Supply chain design for resource optimisation
Supply chain design has become essential for logistics strategy in the past few years. Companies use this process to structure and organise their supply chains, optimising management of the manufacture, supply and transport of goods, among other stages.
Also known as strategic supply chain planning, this design strategy enables businesses to leverage their resources and detect potential risks and inefficiencies.
According to the research article The new competitive edge by the MIT CTL Supply Chain Design Lab, “traditional supply chain design methods have become outdated and companies that follow them risk putting themselves at a competitive disadvantage.” The report warns that organisations need to update their approach to supply chain design if they want to improve the efficiency of their operations and gain competitiveness. “As supply chains become more global and focused on the end customer, the design of supply chains plays an increasingly important role as a competitive differentiator,” say the authors.
The complexity of new ecommerce standards — coupled with the coronavirus pandemic — has revolutionised how companies design their production and logistics planning phases. “Being able to respond quickly to changing markets and competitive priorities is not solely a pandemic-era concern. Increasing supply chain complexity, the exponential growth of e-commerce and omnichannel fulfilment and the mandate for sustainability are not new, but successfully managing them requires similar capabilities. For all these reasons and more, traditional supply chain designs and methodologies have become outdated, creating risks for today’s businesses,” says Yossi Sheffi, Director of the MIT Center for transport & Logistics.
4 keys for supply chain design
To adapt logistics processes to new market trends and challenges, organisations need to reorient and enhance their supply chain design. To do this, the report by the MIT CTL Supply Chain Design Lab highlights four new approaches:
- Extend the scope of supply chain design beyond the typical cost-reduction model. When planning the strategy, it’s a good idea to incorporate other factors such as the projection towards international markets, the creation of added value and new actions to reinforce sustainability.
- Integrate tactical decision-making. The goal here is to narrow the gap between expected and actual throughput in areas like operational planning, sourcing optimisation, production strategies, inventory management and transport routes.
- Place more emphasis on risk factor analysis in supply chain design. To improve strategic planning, it’s crucial to integrate analytical tools in decision-making. This mitigates risk and bolsters resilience in changing environments.
- Adopt innovative design methods and practices that incorporate new technologies in planning. The aim is to design supply chains that are digital, flexible, cost-effective and customer-centric.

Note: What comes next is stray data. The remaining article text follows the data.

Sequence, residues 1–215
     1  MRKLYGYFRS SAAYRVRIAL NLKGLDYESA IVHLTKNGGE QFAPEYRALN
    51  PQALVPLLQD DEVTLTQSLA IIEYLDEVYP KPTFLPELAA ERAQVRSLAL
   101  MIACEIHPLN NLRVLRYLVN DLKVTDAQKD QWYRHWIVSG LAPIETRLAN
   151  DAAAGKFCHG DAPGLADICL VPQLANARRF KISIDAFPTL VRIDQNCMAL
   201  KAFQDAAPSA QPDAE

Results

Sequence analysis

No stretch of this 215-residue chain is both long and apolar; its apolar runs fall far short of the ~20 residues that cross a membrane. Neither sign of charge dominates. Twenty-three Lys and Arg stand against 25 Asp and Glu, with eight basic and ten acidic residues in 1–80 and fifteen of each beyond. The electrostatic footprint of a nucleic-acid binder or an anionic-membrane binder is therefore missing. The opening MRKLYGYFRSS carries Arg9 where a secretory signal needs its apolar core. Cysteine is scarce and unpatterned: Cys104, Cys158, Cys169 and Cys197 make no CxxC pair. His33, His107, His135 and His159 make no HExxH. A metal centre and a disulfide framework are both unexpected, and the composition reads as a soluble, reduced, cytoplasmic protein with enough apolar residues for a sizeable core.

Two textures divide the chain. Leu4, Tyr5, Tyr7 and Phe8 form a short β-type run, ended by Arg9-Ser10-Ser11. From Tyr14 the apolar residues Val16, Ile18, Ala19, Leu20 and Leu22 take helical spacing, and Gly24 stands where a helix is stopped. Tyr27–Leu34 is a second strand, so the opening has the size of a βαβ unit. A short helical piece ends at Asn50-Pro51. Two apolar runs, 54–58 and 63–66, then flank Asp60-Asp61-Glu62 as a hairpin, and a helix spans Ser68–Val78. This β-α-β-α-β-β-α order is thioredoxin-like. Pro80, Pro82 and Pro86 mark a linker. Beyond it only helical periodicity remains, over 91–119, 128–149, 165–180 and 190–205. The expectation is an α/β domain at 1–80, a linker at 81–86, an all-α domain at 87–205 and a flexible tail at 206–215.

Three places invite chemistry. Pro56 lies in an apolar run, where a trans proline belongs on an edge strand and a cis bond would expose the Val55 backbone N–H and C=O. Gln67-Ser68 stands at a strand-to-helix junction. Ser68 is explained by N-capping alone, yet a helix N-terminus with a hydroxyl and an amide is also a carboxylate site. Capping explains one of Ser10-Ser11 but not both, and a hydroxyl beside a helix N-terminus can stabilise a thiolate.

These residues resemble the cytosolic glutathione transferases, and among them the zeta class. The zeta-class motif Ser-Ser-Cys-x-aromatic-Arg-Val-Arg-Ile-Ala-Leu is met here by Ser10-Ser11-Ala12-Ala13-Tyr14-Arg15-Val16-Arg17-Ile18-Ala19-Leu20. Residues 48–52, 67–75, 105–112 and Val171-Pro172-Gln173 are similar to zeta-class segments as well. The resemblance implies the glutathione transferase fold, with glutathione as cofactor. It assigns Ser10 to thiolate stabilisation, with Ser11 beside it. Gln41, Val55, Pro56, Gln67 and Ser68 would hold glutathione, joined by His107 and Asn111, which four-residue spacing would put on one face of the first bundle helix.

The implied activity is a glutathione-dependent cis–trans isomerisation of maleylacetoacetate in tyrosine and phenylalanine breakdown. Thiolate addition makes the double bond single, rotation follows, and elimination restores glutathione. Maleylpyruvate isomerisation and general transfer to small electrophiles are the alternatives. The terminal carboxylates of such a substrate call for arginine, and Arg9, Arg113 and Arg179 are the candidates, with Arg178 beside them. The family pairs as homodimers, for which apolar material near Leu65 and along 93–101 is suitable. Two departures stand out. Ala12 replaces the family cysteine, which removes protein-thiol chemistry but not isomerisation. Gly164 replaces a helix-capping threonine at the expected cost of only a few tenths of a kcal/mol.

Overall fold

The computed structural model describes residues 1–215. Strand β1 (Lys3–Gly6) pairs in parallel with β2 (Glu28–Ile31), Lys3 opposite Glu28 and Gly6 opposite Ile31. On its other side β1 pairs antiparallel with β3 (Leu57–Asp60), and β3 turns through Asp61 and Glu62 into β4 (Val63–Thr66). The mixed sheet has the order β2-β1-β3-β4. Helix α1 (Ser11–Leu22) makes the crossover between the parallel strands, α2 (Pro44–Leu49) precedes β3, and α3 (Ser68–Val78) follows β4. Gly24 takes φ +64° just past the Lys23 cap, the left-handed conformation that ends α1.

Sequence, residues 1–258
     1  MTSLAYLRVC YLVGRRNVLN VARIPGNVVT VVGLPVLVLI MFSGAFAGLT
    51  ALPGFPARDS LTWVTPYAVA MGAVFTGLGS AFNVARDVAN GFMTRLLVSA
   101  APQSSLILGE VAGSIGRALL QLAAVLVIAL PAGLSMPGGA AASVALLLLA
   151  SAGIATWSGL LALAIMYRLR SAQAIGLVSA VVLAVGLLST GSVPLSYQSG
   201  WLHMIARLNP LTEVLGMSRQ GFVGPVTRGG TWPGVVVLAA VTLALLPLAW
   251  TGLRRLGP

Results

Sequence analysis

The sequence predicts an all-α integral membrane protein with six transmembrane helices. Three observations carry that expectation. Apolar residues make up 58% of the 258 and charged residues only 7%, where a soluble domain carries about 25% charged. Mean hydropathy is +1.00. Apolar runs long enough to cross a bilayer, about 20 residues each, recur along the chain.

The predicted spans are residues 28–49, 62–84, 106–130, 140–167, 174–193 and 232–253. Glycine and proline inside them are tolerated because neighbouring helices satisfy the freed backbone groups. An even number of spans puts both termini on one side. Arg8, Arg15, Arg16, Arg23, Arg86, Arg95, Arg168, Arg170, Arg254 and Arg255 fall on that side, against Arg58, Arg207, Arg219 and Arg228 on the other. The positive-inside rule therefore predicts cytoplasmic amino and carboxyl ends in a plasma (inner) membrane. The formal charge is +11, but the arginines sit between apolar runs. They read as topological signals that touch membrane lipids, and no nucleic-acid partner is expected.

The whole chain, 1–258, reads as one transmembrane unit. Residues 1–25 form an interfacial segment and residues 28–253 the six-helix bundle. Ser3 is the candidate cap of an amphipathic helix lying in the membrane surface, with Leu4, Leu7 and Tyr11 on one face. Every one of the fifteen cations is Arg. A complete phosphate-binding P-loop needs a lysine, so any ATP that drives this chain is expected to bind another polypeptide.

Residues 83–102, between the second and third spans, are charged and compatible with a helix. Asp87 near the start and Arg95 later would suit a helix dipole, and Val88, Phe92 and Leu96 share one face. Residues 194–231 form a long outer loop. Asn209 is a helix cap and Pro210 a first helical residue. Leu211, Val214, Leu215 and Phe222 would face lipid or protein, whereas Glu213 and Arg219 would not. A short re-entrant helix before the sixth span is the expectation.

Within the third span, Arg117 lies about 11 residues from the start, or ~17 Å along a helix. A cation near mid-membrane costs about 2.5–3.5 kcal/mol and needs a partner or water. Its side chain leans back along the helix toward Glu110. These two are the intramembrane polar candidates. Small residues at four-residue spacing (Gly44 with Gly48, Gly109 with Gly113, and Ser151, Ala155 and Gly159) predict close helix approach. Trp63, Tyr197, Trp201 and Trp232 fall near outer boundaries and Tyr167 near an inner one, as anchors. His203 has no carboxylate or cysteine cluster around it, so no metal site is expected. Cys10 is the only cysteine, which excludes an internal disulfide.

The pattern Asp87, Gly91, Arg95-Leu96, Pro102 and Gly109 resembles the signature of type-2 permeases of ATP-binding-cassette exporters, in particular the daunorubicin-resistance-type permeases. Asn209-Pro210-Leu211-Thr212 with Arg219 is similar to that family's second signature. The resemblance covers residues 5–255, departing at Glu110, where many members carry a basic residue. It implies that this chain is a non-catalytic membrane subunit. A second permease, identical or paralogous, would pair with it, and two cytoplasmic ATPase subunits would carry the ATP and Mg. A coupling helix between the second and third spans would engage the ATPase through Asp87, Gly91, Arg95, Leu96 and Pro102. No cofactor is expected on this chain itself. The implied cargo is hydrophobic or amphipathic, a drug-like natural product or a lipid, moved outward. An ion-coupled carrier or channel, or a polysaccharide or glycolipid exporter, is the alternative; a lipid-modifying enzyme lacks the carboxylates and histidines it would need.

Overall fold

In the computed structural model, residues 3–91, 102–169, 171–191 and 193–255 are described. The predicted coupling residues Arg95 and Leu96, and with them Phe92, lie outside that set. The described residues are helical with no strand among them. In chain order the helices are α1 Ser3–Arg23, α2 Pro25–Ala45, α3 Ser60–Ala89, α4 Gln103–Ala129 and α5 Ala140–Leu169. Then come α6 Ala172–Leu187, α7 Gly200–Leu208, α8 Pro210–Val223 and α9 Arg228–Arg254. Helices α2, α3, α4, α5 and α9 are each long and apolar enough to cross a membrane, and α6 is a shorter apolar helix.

Supply chain design technologies
Supply chain managers use frontier technologies such as robotic process automation (RPA), big data and artificial intelligence (AI) to design their game plan. Some purposes of planning are to minimise the cost of moving products from one link to another, streamline processes and foster error-free logistics operations. “Today’s global supply chains were designed to operate with high reliability, at the lowest possible cost, in a steady state environment,” says consulting firm Kearney in an article published in Harvard Business Review.
The article points out that innovations such as three-dimensional simulation, action recognition technology and machine learning are making a difference when it comes to solving supply chain challenges. These technologies are “improving operations and reducing the time it takes to train workers from months to days on tasks such as assembling diverse products, electrical or mechanical, on the same assembly line,” says the report.
Process digitisation is also refining supply chain design. Programs like enterprise resource planning (ERP) and warehouse management systems (WMSs) automate communication between different companies. This facilitates information transfer and, as a result, product traceability. Implementing digital systems leads to better supply chain organisation. Additionally, it makes it possible to simulate operations. The most advanced programs use digital twin technologies to virtually represent changes in one or more operations to analyse their throughput.
Likewise, big data technology has a major impact on supply chain design. Collecting and analysing large datasets brings flexibility to logistics and manufacturing processes. It lets businesses predict future scenarios, identify opportunities and anticipate errors.
The importance of supply chain design for efficiency
Strategic planning is vital for an agile, effective supply chain. The consolidation of new consumer standards — e.g., omnichannel and free returns — has made operations like order shipping and delivery much more complex. Against this backdrop, incorporating new technologies such as AI and big data in the supply chain enables companies to respond effectively to logistics challenges brought about by market changes.
At Mecalux, we have an extensive range of solutions to raise supply chain productivity. Our Easy WMS software facilitates digital management of logistics operations, promoting efficient warehousing and minimising the risk of error. Interested in maximising throughput in your facility? Be sure to get in touch. One of our expert consultants will advise you on the best solution for your business.